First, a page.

CA Cites 2 Companies for Fatal Incidents

Tuesday, September 19, 2017 @ 05:09 PM gHale


Two employees died in two separate incidents at two different companies and California Occupational Safety and Health Administration (Cal OSHA) issued safety fines.

In one incident, Aero Pacific Corp. in Placenta, CA, is facing $51,160 in fines for safety violations after a worker was struck and killed by a moving spindle, according to a Cal OSHA report.

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In addition, in a separate case, RWC Building products in San Marcos, CA, is facing $68,435 in fines for five citations, including a fatality, Cal OSHA said.

In the first cast, inspectors determined that, among other violations, Aero Pacific failed to identify and correct machinery hazards in the workplace, and train workers on the control of hazardous energy.

Investigators found the employer failed to train all authorized employees on hazardous energy control procedures and the hazards related to performing cleaning, setting-up and adjusting the CNC milling machines used at the facility, as required by this subsection.

Serious violation for repair work and setting up operations. On January 20 an employee suffered a fatal injury while setting up the operation of the Viper CNC milling machine. The subject machine was not locked out or positively sealed in the “off” position and was still running while the employee was performing a set-up operation.

They also received a serious violation for lack of machine guarding.

They also face a serious violation for control of hazardous energy for the cleaning, repairing, servicing, setting up, and adjusting operations of prime movers, machinery and equipment, including lockout/tagout.

Investigators found the company failed to have an injury and illness prevention program where the employer failed to identify, evaluate and correct hazards that occur in or on machinery and/or equipment used in the workplace. In addition, the employer failed to identify, evaluate and correct the unsafe work practices of the machine operators who routinely clean, set-up and adjust CNC Milling Machines while the machines are running.

Control of hazardous energy for the cleaning, repairing, servicing, setting up, and adjusting operations of prime movers, machinery and equipment, including lockout/tagout where the employer failed to develop and include in their “Lockout Tagout Blockout” Program a hazardous energy control procedure that specifically outlined the scope, purpose, authorization, rules and techniques for employees to use when cleaning, setting-up or adjusting machinery and equipment as required by this subsection.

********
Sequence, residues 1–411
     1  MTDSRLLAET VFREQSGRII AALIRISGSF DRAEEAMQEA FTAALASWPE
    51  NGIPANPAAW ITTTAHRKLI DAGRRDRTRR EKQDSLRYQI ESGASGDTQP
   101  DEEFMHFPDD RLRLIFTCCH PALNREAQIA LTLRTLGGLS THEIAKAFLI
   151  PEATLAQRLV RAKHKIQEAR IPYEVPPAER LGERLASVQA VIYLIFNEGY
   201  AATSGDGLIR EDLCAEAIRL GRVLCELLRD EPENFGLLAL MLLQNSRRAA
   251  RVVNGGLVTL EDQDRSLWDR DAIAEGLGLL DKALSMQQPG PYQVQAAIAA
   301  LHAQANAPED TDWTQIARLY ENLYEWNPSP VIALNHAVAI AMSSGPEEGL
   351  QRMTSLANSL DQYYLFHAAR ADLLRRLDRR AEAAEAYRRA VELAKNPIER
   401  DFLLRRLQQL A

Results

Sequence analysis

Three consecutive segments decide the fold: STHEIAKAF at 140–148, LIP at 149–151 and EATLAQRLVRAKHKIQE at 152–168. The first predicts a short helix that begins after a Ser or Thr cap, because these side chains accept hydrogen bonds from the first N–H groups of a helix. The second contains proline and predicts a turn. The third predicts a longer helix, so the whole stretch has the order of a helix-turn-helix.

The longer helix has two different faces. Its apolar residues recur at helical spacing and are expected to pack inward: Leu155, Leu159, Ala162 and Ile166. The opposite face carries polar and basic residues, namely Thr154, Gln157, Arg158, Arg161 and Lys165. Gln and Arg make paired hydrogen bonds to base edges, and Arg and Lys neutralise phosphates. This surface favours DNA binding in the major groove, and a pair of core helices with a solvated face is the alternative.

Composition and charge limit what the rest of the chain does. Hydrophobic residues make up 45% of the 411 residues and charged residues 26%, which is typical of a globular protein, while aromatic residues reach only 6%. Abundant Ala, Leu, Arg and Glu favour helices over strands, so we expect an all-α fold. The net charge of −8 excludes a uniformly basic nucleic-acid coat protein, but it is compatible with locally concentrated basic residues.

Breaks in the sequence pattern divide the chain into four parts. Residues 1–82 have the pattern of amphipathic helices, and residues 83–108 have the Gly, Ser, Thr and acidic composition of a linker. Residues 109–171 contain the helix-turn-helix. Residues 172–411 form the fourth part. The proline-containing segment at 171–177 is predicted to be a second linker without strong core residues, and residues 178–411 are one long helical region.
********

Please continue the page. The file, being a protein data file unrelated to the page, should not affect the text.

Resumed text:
In a separate investigation, Cal/OSHA issued five citations and $68,435 in penalties to RWC Building Products in San Marcos following the death of a worker Feb. 11 who fell from a truck-mounted conveyor belt.

Inspectors concluded that the company failed to ensure that workers were wearing approved personal fall protection equipment while unloading material onto a roof, did not perform periodic inspections to identify unsafe conditions and work practices at different job delivery sites, and failed to provide effective training for supervisors to recognize safety and health hazards.

A serious violation was when the employer failed to ensure the truck-mounted conveyor was used in accordance with the manufacturer’s recommendations as a result an employee fell from the rooftop of a 3-story building, to his death while attempting to ride the conveyor belt down.

A serious violation was for the employer failing to ensure employees were wearing approved personal fall arrest, personal fall restraint or positioning systems while unloading roofing material on to a roof of a 3-story building approximately 30 feet in height.

Another serious violation was for the employer not having an established, implemented and maintaining an effective Injury and Illness Prevention Program.

Inspectors found the company lacked an injury and illness prevention program. During the investigation, the training records of employees did not have the name of the training providers as required by this subsection.

In addition, the company needed to have a heat illness prevention plan. The employer needs to establish, implement, and maintain, an effective heat illness prevention plan.



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